Inside TDV - The Data Vault Blog

Top 10 Tips For Information Governance


One of the key terms for business people today is information governance. As archives become increasingly digitized, the advantage lies with team members who take the time to understand how their field is changing; adapting to a new way of thinking about data management and storage. The truth is, records managers are no longer the glorified librarians that some companies seem to think of them as, but rather are essential pieces to the overall security and management structure.

With that in mind, here are a few pieces of carefully constructed wisdom that can help with changing the conversation from simple storage to a more nuanced approach:

1)   Establishing records management as an integral part of a governance program must be a collaborative exercise. Issuing memos and expecting other people to instantly adhere to them slows progress, especially if senior management doesn’t share the same values.

2)   Steps must be taken to ensure that the reins of governance power are centrally held. However, allowances can and should be made for departmental variations in vocabulary or administrative business process. But these should be integrated into the overarching program, not left to evolve on their own, lest they corrode order and discipline.

3)   Complicating all this is the fact that staff (aside from your legal counsel) rarely thinks about records or governance. Don’t be surprised at a lack of instant enthusiasm over the protections and benefits of classification, retention, and other related topics.

4)   Information doesn’t have to be on paper to qualify as a record, nor does it have to be in a particular format. Rather, the content itself is what determines its records worthiness. Clients are constantly surprised by the idea that something as simple as text messages can fall under the authority of a retention policy.

5)   Magnetic media (hard disks, backup tapes, etc.) can degrade over time and eventually become unreadable. If the content they contain isn’t or can’t be migrated, they won’t pass muster in a legal discovery process and should be destroyed before they set you up to be fined or otherwise sanctioned.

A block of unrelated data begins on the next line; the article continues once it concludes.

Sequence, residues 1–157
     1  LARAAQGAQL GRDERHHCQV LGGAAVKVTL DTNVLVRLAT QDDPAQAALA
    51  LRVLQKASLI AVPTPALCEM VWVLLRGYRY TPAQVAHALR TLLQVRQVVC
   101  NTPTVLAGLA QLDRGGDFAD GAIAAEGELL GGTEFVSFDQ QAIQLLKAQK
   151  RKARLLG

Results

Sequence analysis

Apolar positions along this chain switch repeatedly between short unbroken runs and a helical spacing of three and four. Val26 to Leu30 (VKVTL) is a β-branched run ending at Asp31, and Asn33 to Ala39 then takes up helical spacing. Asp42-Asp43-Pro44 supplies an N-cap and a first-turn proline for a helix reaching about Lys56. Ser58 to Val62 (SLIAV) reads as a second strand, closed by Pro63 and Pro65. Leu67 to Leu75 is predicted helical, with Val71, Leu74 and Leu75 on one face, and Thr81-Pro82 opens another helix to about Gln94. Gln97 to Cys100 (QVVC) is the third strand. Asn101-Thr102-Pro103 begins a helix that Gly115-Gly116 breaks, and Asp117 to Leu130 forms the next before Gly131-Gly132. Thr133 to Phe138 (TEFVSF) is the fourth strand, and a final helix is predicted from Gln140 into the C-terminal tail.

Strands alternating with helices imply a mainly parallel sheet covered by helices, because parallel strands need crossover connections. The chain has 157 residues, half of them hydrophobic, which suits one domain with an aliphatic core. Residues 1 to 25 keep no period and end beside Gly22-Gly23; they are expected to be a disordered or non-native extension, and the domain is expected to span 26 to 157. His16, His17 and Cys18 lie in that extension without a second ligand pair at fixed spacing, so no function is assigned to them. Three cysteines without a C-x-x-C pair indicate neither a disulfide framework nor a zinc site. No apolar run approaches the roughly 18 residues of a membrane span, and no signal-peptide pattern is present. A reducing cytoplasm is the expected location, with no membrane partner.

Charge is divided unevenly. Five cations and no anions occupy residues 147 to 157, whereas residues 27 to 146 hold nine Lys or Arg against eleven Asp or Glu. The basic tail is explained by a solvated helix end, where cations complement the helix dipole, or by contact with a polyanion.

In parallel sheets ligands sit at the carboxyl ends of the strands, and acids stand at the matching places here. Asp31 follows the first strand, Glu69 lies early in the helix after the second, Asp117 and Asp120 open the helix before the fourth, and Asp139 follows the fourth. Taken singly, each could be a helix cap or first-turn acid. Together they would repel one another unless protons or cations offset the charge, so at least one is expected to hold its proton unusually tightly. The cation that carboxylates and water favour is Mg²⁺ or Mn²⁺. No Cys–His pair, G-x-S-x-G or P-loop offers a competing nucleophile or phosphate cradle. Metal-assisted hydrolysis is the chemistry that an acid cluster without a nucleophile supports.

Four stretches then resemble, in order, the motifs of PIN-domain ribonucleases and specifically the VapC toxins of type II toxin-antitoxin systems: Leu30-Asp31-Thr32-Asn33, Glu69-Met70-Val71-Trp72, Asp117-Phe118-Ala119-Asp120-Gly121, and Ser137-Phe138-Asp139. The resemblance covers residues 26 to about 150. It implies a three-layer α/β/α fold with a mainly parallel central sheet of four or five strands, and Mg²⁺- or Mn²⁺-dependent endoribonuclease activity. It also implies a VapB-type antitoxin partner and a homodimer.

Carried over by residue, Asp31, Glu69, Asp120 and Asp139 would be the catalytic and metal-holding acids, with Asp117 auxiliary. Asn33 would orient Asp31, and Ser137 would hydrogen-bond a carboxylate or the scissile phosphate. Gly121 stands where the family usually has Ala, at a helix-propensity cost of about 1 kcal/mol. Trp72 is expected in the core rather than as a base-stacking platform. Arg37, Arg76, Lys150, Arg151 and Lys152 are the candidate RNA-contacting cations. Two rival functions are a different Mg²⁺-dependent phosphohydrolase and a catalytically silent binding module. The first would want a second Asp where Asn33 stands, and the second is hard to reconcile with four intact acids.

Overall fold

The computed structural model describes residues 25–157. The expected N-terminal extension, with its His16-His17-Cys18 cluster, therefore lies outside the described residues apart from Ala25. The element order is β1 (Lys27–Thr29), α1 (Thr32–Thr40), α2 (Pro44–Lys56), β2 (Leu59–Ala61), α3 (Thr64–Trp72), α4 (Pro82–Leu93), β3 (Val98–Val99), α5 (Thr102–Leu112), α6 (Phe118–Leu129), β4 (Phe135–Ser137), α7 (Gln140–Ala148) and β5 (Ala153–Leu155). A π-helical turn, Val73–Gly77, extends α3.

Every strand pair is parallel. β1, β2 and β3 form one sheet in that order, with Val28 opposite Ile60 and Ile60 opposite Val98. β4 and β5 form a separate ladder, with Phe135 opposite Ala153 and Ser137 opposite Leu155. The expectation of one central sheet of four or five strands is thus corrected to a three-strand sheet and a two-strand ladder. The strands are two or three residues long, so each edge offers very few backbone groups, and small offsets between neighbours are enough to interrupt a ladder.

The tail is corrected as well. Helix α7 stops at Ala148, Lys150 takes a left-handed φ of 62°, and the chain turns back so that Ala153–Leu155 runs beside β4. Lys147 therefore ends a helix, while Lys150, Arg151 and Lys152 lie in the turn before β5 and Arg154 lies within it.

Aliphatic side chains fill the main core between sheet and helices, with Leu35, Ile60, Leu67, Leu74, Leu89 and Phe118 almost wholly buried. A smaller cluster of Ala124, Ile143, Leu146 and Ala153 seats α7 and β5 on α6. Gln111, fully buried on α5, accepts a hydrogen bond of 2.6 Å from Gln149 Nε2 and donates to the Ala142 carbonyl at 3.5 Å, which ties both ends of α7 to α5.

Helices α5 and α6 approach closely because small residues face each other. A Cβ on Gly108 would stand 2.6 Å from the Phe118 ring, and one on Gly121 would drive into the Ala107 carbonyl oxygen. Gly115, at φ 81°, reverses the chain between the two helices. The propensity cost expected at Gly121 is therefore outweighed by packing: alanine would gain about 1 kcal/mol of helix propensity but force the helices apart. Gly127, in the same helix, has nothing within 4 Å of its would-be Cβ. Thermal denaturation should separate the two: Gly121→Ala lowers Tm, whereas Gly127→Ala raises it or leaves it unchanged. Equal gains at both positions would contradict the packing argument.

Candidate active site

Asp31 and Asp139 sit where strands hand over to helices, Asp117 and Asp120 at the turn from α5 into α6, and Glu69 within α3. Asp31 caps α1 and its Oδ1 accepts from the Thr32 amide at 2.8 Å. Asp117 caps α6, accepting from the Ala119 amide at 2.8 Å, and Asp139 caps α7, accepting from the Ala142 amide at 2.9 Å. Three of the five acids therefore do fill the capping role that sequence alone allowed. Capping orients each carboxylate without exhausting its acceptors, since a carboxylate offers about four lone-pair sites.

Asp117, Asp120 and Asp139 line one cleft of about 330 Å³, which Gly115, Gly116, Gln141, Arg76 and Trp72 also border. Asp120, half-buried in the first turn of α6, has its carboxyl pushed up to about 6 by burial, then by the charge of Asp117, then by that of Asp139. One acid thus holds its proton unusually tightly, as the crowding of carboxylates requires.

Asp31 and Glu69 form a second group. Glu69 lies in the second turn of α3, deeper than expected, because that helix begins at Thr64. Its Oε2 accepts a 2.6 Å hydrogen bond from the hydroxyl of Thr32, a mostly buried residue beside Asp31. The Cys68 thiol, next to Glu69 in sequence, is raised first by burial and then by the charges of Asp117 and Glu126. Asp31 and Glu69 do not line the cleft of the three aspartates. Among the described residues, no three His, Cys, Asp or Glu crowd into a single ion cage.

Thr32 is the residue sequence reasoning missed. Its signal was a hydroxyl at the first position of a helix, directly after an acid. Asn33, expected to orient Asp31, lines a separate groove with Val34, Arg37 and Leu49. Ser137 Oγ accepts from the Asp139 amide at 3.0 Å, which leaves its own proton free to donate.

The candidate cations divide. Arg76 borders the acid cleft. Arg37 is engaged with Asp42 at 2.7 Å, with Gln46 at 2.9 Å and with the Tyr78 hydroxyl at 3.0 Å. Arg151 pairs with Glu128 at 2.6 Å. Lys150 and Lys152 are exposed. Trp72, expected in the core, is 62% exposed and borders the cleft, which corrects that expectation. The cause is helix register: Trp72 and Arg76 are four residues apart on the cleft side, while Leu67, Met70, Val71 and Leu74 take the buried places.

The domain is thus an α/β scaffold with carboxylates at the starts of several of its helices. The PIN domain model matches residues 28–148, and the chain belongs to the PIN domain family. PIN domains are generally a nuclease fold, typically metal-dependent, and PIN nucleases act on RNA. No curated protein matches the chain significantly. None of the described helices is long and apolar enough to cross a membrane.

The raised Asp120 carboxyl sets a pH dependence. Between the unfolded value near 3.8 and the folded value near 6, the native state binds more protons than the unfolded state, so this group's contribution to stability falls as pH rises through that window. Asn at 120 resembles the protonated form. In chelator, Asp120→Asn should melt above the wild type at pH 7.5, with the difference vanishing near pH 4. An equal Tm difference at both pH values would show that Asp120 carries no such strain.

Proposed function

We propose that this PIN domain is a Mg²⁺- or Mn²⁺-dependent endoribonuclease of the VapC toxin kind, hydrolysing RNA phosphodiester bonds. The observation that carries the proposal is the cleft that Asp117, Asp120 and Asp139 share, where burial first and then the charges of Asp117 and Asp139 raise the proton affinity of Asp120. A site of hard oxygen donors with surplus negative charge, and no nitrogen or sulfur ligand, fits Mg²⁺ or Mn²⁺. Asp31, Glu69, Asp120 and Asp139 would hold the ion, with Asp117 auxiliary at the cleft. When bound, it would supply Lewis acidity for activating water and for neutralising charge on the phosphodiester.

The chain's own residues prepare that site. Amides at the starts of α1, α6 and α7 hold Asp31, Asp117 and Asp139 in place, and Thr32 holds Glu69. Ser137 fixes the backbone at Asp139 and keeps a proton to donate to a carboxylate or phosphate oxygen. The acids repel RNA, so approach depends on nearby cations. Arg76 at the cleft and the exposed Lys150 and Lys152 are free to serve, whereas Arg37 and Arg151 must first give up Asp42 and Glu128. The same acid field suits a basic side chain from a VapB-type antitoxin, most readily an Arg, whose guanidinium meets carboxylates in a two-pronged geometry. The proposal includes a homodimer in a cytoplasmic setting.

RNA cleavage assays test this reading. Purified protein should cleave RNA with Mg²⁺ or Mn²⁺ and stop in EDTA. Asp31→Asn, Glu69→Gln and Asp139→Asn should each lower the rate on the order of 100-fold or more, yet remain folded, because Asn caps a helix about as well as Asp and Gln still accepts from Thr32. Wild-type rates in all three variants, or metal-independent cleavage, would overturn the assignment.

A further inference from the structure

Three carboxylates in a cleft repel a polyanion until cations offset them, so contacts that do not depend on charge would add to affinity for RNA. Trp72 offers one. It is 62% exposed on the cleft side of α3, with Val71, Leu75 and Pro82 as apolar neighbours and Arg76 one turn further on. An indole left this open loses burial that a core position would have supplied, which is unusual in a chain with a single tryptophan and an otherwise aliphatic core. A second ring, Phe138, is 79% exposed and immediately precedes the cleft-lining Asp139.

6)   Records destruction is an important component of a healthy governance program. Besides representing to a legal liability, “keeping everything forever” leads to an ever-increasing demand for systems and financial resources as the information pile grows.

7)   When destroying records, keep in mind the need to create a record of the records’ destruction. That way an audit trail is created that can validate the date, time, and means by which they were destroyed.

8)   Don’t be afraid of the future. Just because something has always been done one way does not mean that new ideas is wrong, but might even increase office efficiency and profitability. One of the major goals for any records manager is shifting information governance from being seen as a business cost to an investment center.

9)   At the same time, older forms of storage shouldn’t be discounted due to their age. Many of the cybersecurity problems of today came as a result of organizations adopting technology before fully understanding the implications, leading to a loss of confidence and setbacks. Physical security still counts for something in today’s world, and can keep your business from being a victim.

10)   Never rest on your laurels. Quality information governance practices are part of a journey, not a destination, and there’s always room for improvement. Complacency is never good in the business world, and this no exception.

Questions or comments? Contact us today and one of our experts will be in touch! The Data Vault has been helping clients navigate the changing world of information management for over 30 years and we always have time to share advice and guidance.


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